Pregnancy and Exercise
Fourteen years ago, my best friend had her first baby. We were both trainers at the same facility and had pretty similar fitness backgrounds. She was running our special programs department and wanted to start a pre/postnatal yoga class. I agreed to lead it, although it was really a team effort. From there, we developed a program to teach other trainers how to train clients during and after pregnancy.
It was fascinating learning about the changes a woman’s body goes through during pregnancy, and even after the baby is born. But it was also challenging. There’s just not enough solid research regarding pregnancy and exercise on humans. So, we extrapolate—and you listen to your doctor.
What Can You Do?
A lot of what you do during exercise depends on what you were doing before pregnancy. If you were very active, most likely you can continue to do the same activities—even running.
The most important thing is to speak to your doctor first.
Make sure that you do not have any other concerns that might require you to monitor your activity a little more closely. Once you get clearance, a lot of it is just how you’re feeling.
The general guideline for cardio has been not to go over 140 beats per minute. Again, this was derived from studies done on animals—not humans. What it comes down to is how fit you are and watching body temperature. If you get too overheated, not only is it dangerous for you, but it’s dangerous for the baby.
So, do your cardio outside only in comfortable temperatures that are not too hot, or do it indoors. A heart rate monitor may not be a bad idea, as some docs still advise the 140 bpm. However, if you were sedentary before your pregnancy you should at least be able to walk during your pregnancy. The activity is good for you and will help to control the weight gain.
If you are a runner or cyclist, you may find that you can continue these activities for the first few months.
However, your center of gravity is going to shift and your balance changes. So, it becomes uncomfortable and maybe even dangerous to ride or run outside. You may need to switch to indoor cycling and walking or the elliptical rather than running.
If you weren’t doing resistance exercise before pregnancy, don’t go hitting the weights hard. Some basic body weight exercises or very light resistance is probably okay but use caution. For clients I trained, we listened to their body. Free standing squats sometimes got uncomfortable so we switched to ball squats or smith machine squats. Sometimes their joints were a little achy as they got further into pregnancy. So, we would do exercises sitting, change the range of motion, lighten the weight or even scrap a certain exercise all together.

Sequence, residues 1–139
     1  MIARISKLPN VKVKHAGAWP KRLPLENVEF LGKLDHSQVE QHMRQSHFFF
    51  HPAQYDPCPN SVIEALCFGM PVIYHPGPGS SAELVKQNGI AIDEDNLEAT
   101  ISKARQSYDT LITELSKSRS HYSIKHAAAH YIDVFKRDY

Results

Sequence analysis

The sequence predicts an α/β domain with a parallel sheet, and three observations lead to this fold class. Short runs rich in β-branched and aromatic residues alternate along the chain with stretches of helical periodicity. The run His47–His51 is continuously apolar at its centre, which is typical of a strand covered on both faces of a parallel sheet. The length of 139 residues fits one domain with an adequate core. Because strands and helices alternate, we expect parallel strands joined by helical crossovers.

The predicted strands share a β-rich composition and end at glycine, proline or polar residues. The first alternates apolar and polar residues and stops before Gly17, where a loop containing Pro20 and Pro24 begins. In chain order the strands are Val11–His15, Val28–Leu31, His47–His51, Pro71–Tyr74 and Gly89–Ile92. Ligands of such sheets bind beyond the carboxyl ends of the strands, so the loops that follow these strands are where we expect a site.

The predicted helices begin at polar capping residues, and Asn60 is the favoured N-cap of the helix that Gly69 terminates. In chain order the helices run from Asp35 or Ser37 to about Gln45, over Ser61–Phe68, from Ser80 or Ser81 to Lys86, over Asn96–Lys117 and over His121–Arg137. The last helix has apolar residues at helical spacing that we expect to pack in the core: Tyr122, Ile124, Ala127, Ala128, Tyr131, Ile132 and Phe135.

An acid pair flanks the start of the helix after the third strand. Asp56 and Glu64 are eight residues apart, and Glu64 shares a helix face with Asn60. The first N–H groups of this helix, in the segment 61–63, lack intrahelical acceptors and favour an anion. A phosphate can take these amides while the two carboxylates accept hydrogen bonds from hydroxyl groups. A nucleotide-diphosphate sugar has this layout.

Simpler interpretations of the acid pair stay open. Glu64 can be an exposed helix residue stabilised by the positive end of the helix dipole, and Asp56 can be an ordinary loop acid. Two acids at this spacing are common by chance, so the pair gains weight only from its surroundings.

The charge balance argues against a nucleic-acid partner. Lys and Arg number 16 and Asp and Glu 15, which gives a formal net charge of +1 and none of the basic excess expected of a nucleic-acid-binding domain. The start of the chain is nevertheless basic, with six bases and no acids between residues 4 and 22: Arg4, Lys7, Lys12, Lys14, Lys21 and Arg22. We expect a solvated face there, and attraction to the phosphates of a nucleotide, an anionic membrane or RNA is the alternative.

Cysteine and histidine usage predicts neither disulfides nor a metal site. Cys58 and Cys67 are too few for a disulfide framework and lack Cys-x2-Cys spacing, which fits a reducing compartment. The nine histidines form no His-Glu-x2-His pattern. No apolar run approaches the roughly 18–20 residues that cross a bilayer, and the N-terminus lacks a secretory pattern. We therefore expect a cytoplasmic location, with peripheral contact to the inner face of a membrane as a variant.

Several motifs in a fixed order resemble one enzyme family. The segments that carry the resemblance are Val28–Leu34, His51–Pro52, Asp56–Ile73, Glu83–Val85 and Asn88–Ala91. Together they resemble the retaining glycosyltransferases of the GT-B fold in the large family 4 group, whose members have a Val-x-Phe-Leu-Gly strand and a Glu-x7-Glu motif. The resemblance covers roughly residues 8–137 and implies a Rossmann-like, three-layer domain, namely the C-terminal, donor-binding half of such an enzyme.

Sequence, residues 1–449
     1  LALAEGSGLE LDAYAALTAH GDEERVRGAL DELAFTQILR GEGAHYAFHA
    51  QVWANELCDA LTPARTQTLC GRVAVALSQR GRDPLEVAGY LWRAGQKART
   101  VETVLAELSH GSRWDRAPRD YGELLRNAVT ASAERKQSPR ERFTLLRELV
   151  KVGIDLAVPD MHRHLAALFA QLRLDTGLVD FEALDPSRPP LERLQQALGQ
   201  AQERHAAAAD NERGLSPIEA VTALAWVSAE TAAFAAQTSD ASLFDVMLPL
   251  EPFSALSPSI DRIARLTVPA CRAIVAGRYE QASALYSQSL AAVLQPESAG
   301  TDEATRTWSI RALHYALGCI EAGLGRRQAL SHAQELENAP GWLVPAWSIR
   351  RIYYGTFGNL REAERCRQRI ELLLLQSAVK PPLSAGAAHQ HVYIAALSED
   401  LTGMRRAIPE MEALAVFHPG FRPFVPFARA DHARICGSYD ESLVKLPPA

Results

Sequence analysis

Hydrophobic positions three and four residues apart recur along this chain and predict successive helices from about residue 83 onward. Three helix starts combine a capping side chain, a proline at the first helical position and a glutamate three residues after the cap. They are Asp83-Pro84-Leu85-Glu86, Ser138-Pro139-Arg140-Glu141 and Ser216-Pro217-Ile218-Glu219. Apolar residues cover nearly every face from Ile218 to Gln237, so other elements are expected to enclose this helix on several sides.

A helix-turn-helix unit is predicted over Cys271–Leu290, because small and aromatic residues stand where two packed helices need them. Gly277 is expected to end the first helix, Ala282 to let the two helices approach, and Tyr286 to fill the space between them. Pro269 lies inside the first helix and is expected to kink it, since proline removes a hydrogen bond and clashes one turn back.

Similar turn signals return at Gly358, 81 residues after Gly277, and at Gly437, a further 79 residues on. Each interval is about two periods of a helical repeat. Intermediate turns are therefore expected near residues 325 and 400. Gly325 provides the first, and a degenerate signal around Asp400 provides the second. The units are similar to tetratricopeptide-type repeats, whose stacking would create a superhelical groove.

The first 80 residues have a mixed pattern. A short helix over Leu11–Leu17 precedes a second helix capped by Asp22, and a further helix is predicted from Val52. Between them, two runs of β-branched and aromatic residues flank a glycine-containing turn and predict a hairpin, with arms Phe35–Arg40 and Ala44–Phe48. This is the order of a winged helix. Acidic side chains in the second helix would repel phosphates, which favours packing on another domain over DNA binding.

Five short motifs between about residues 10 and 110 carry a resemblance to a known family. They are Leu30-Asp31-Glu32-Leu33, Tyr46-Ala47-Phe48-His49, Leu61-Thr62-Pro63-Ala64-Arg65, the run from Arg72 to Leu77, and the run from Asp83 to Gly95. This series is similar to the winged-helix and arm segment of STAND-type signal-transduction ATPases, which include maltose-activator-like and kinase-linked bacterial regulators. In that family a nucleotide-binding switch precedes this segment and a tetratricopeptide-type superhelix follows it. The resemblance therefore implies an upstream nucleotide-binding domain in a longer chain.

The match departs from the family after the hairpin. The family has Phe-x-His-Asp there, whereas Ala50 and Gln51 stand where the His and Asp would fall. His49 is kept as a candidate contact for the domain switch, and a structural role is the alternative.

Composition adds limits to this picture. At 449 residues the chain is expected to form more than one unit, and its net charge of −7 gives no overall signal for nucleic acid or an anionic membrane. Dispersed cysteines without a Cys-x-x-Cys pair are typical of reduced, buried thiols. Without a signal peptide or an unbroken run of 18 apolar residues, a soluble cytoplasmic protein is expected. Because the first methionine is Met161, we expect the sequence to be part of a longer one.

If you’d like to do some resistance exercise, consider hiring a trainer that has experience training pregnant clients. There are even clubs and facilities that offer classes for clients that are pregnant.
Many people also believe that they can’t train their core during pregnancy. As you get further along, your range of motion will change drastically. Also, you don’t want to do any excessive twisting or exercises on your back past the first trimester. I used to do stability ball crunches with clients or standing core exercises as well as those on all fours. Your core needs to be strong before, during and after pregnancy to really help support your belly as it grows. Use caution, and stop if something doesn’t feel right.
I always caution people against overstretching. Stretching can be uncomfortable, but if it’s painful you are pushing too far.
During pregnancy, it is very easy to overstretch. The hormone relaxin is being released to prepare for child birth. It affects ligaments and joints which often leads to discomfort or pain.
So, stretch gently just to the point that you feel a pulling sensation. Keep breathing and come gently out of the stretch after 15 to 30 seconds.
Some Other Tips
Hydrate, hydrate, hydrate! This is important whether or not you exercise throughout your pregnancy. So, keep that water handy during your exercise session.
Dress comfortably in clothing that is lightweight and breathes. This will keep you cooler during your workout.
Consider the pool. The buoyancy may help you feel more comfortable the further along you are. It will also help you avoid overheating.
Find a yoga class. A prenatal yoga class will really focus on the areas that you need in a safe, effective manner. It can also be very relaxing.
There are plenty of options to stay fit during your pregnancy. Just remember to consult your doctor before starting, so you and your baby can stay healthy!